The Pixelmator team is relentless, releasing significant updates to the application every few months. Version 3.2 (codenamed ‘Sandstone’) is no exception and can be downloaded from the Mac App Store now. Codenamed Sandstone, this iteration adds a majorly-revamped Repair Tool, 16-bit channel editing for all Macs (not just the Mac Pro) alongside a whole bucket of other improvements.
The Repair Tool now uses color-correction to match repaired areas seamlessly. It also has clever smarts that mean you don’t have to precisely select an object anymore, the software will remove the whole object automatically. Pixelmator will also try its best to infer the structure of the background area, for a more natural final edit.
The Repair Tool now has three different options, Quick, Standard and Advanced. Quick is meant for small blemishes, whereas Standard and Advanced tackle the removal of larger objects from a scene. It’s not exactly clear under what circumstances you are supposed to change mode, so I chose ‘Advanced’ every time in my testing and the results were fantastic. It’s sort of like magic. You can see an example of what this is capable of after the break …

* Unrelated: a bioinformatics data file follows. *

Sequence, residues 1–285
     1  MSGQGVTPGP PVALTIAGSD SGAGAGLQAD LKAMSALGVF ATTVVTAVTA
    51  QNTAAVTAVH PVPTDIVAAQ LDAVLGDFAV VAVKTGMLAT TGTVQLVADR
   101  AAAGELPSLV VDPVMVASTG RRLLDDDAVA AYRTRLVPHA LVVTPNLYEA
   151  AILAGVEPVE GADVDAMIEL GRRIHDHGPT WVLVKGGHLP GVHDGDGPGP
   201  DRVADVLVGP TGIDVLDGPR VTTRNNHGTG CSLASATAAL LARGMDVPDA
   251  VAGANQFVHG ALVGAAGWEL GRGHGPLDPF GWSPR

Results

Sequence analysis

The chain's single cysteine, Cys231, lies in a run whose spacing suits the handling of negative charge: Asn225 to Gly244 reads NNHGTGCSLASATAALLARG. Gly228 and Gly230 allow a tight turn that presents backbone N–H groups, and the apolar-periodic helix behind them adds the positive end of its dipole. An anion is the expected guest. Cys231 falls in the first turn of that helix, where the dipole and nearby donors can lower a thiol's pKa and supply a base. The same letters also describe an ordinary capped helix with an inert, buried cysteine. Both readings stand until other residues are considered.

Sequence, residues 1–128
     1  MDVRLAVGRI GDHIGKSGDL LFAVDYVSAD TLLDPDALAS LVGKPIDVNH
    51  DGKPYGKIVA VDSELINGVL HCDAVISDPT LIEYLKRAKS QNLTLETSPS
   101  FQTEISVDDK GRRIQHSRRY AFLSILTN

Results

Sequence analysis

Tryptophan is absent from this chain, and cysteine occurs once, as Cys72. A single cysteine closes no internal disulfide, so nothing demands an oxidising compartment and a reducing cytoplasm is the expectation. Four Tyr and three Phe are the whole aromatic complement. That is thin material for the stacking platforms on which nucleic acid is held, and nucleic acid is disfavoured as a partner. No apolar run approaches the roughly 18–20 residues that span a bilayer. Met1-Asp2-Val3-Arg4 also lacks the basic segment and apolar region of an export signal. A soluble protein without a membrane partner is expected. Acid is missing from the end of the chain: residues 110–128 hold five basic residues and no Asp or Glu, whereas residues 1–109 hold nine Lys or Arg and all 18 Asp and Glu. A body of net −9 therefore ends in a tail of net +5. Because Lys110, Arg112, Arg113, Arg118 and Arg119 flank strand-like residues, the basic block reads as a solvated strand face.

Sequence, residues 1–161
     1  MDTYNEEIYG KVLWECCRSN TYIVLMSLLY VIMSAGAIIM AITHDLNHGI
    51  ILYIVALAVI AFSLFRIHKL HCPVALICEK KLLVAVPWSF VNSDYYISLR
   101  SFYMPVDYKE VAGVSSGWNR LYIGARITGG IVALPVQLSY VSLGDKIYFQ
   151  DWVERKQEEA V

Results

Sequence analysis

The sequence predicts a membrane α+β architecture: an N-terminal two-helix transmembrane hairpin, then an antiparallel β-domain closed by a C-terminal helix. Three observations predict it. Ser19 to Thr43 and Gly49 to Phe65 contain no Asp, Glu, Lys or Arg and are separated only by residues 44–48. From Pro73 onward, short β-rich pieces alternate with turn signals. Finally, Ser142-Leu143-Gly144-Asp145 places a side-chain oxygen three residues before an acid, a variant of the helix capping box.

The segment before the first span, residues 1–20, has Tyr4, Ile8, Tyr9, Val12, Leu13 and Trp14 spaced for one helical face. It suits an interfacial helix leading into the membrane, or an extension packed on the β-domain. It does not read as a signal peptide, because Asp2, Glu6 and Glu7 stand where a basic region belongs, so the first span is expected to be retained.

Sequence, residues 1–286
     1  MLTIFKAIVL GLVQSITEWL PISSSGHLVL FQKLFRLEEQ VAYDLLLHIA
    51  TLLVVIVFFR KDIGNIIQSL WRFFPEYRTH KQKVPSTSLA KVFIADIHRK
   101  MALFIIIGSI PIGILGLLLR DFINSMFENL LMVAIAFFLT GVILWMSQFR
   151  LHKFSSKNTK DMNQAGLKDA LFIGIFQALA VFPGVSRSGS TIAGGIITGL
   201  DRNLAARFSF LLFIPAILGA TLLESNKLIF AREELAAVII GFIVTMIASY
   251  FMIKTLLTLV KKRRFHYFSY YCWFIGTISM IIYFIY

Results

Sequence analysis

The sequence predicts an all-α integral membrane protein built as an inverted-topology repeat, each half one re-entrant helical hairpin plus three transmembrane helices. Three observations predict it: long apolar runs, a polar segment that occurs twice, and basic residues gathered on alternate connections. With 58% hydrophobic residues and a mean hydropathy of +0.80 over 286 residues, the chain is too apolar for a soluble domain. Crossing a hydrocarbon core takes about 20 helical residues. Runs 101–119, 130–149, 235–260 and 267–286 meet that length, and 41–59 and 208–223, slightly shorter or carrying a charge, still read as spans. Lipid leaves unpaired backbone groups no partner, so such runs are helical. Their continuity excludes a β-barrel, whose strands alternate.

April 17, 2014
January 23, 2014
Pixelmator have released the latest version of their app today, version 3.1. As usual, it is available exclusively in the Mac App Store for $29.99. Codenamed Marble, this update brings several enhancements to the image editor including specific Mac Pro optimizations such as 16-bit image support.
Primarily, Pixelmator 3.1 optimises for the new Mac Pro’s hardware. Apple has used Pixelmator before to tout the Mac Pro’s performance benefits, and the developers are clearly keen to push this further still.
The “exclusive” support for the new Mac Pro enables the simultaneous use of both GPU’s for even faster composition and rendering. In fact, the app can compute the autosave data whilst the image is being rendered. This translates to significant speed improvements across the app.